Monday, March 12, 2012

Nonfiction Monday/Women's History Month Book Review: Zora! The Life of Zora Neale Hurston, by Dennis Brindell Fradin and Judith Bloom Fradin (Houghton Mifflin Harcourt, 2012)

Release date:  August 28, 2012

Recommended for ages 10-14.  

Although I haven't read any of Zora Neale Hurston's original work, I was fascinated by this upcoming biography for young people of the celebrated African-American novelist of the Harlem Renaissance.  Written by veteran nonfiction writer Dennis Fradin (he's published over 200 nonfiction books!) and his wife Judith, this book tells the story of an extraordinary woman who knew she was special from an early age.  She grew up in the unique all-black town of Eatonville, Florida, where she was unaware of racism and grew up so self-confident that she believed the moon followed her wherever she went.  From her childhood on, she loved to tell stories, and had a wonderful imagination.

While a student at Howard University, Zora was accepted into their literary group and had her first work published.  From the beginning, her work featured realistic dialogue, with the characters speaking in a dialect modelled on the real people she had grown up with.  When she was in her thirties, she moved to New York City to try to make it as an author, with $1.50 in her pocket, "no job, no friends, and a lot of hope."  There she befriended important writers such as Langston Hughes and became recognized for her work as an anthropologist as well as a writer.

The book points out that despite the recognition she received during her lifetime for her books and folklore work, Zora remained poor, and even had to take a variety of "day jobs," including work as a librarian, maid, personal assistant, waitress, college drama teacher and even as a Hollywood script consultant.  By the end of her life in 1960, all her works were out of print; in the 1970's, they were rediscovered by a new generation of African-American writers, including Alice Walker, and her books have now been republished.  In fact her most popular work, Their Eyes Were Watching God, has sold more than 5 million copies, and is used in many high schools as part of the curriculum, as well as being made into a movie produced by Oprah Winfrey and starring Halle Berry.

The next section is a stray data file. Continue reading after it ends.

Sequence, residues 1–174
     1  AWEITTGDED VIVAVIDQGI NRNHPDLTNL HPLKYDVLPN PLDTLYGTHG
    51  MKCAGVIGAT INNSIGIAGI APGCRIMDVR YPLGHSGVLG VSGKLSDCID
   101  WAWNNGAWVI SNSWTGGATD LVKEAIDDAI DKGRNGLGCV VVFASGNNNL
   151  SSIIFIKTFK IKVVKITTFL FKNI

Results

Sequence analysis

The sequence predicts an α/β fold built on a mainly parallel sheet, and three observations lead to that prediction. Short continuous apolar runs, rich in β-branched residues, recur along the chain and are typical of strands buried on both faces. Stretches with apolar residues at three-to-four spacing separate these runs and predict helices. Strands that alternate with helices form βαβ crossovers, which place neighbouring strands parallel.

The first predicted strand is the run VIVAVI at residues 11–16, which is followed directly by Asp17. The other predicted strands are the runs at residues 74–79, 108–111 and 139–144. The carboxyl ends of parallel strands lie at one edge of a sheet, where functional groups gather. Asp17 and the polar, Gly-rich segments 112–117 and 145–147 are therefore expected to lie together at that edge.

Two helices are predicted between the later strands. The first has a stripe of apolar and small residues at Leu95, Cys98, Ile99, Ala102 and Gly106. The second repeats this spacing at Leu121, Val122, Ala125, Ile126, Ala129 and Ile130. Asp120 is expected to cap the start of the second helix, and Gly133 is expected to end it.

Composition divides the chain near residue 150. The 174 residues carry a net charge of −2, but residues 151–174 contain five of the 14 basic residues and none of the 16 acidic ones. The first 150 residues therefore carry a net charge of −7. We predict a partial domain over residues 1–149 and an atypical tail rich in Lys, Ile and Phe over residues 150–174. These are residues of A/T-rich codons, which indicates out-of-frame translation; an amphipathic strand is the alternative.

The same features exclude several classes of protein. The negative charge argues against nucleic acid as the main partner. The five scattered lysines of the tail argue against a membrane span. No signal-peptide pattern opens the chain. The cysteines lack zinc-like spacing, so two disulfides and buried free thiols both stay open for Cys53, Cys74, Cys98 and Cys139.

This is a great biography to recommend for kids from 9-14 years old, and provides plenty of information for those school biography reports.  Her incredibly varied life, in which she achieved some fame, but little financial success, is a remarkable testament to her persistance and her spirit, and the book does an excellent job of portraying the different sides of her life, both the complicated personal (she was married and divorced three times) and professional aspects aspects of her story.

Zora Neale Hurston

The book is abundantly illustrated and also includes many quotes from Zora Neale Hurston's own writings, which give the text a real flavor of the author particularly for young people who may not read her books until high school.  Back matter includes an excerpt from one of her folktale collections, a timeline, source notes, and a bibliography.

For more on Nora Zeale Hurston's childhood in Eatonville, I recommend Zora and Me, a middle-grade mystery novel by Victoria Bond and T. R. Simon (Candlewick, 2010), which imagines Zora's childhood in Eatonville from the point of view of her best friend, Carrie.

1 comment:

pragmaticmom said...

I was so glad to learn about this book. Zora Neal Hurston is one of my favorite authors ever since I read Their Eyes Were Watching God in college!